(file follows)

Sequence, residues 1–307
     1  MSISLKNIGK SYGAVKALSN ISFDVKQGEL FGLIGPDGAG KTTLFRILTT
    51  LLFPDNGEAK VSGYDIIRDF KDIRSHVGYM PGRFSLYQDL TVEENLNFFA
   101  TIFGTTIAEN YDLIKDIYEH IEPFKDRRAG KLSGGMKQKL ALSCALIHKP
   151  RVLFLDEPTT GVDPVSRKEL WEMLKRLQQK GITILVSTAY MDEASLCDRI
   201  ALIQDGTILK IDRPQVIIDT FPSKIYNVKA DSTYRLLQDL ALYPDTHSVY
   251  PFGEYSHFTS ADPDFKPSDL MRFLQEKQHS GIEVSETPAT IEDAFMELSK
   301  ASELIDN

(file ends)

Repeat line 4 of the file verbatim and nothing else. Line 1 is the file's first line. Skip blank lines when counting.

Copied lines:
   101  TIFGTTIAEN YDLIKDIYEH IEPFKDRRAG KLSGGMKQKL ALSCALIHKP